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It is not circumcision, it is mutilation – Female Genital Mutilation

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The United Nations Population Fund said that almost 2,000 communities across Africa have abandoned female genital mutilation (FGM) in 2011. However, Wednesday’s Newsnight revealed that the practise is still prevalent in Egypt, despite being against the law.

The aim of the process is to ensure the woman is faithful to her future husband. Some communities consider girls ineligible for marriage if they have not been circumcised.

FGM is recognised internationally as a violation of the human rights of girls and women. It reflects deep-rooted inequality between the sexes, and constitutes an extreme form of discrimination against women.

 

Female genital mutilation is classified into four major types.

Clitoridectomy: partial or total removal of the clitoris (a small, sensitive and erectile part of the female genitals) and, in very rare cases, only the prepuce (the fold of skin surrounding the clitoris).

Excision: partial or total removal of the clitoris and the labia minora, with or without excision of the labia majora (the labia are “the lips” that surround the vagina).

Infibulation: narrowing of the vaginal opening through the creation of a covering seal. The seal is formed by cutting and repositioning the inner, or outer, labia, with or without removal of the clitoris.

Other: all other harmful procedures to the female genitalia for non-medical purposes, e.g. pricking, piercing, incising, scraping and cauterizing the genital area.(For more information go onto the WHO website)

Where male circumcision has shown to have some medical benefits, there are no medical benefits for FGM, none whatsoever. Females who are forced to undergo this barbaric practice suffer from haemorrhage, shock, pain, and complications during childbirth. They also do not experience any sexual pleasure.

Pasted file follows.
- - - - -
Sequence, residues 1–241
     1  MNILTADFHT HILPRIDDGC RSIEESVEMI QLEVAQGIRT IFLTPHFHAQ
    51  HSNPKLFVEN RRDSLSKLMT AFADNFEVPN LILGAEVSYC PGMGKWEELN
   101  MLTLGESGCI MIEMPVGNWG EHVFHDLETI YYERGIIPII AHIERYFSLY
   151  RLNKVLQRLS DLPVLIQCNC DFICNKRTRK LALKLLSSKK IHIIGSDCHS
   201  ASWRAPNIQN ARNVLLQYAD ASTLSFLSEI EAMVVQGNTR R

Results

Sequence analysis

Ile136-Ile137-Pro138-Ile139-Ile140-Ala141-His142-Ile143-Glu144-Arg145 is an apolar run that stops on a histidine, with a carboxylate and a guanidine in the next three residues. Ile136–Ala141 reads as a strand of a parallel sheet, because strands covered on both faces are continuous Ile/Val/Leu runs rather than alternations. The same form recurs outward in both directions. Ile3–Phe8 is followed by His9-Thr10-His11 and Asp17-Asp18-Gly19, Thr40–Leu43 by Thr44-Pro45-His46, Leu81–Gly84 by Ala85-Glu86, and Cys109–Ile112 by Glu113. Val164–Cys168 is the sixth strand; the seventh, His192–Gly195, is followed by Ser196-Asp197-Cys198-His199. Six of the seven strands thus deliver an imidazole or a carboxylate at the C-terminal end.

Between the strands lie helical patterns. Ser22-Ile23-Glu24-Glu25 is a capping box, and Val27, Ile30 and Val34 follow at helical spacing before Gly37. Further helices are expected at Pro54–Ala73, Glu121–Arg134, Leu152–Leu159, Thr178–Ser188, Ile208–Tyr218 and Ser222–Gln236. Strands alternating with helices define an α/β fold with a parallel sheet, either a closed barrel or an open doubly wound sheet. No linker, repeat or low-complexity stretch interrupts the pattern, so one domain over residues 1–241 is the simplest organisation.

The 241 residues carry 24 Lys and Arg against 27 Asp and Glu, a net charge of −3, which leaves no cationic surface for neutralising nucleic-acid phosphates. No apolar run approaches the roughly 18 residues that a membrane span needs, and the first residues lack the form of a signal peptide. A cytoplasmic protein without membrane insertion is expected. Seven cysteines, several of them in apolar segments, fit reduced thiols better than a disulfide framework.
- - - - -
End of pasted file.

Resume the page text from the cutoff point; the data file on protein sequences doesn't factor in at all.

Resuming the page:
Special honeymoon centers are built outside communities so that the “screams of the brides will not be heard”. There is a also bloodthirsty rite associated with infibulation in which the husband runs through the streets holding the bloodstained dagger to declare he has ‘opened’ his wife for conception. What is honourable about this?

The reason cited for ‘circumcision’ is supposedly to preserve a woman’s chastity. The Egyptian mother on Newsnight insisted she would circumcise her daughter despite the ban. Girls who have not been mutilated do not receive many marriage proposals.

It is important that she loses that part of her body that awakes sexual desire,” said the mother. “If not, she may play with herself or ask a boy to touch this part for her, not specifically a stranger, but one of her cousins for instance, and she might enjoy it. When she feels the pain of it she will be more careful about this part”.

It ensures pre-marital virginity and inhibits extra-marital sex, because it reduces women’s libido. Women fear the pain of re-opening the vagina, and are afraid of being discovered if it is opened illicitly.

The belief is that is is the woman who is sexually loose and that her sexual desire must be curbed at a young age, before she can disgrace the family. This has been the case throughout history.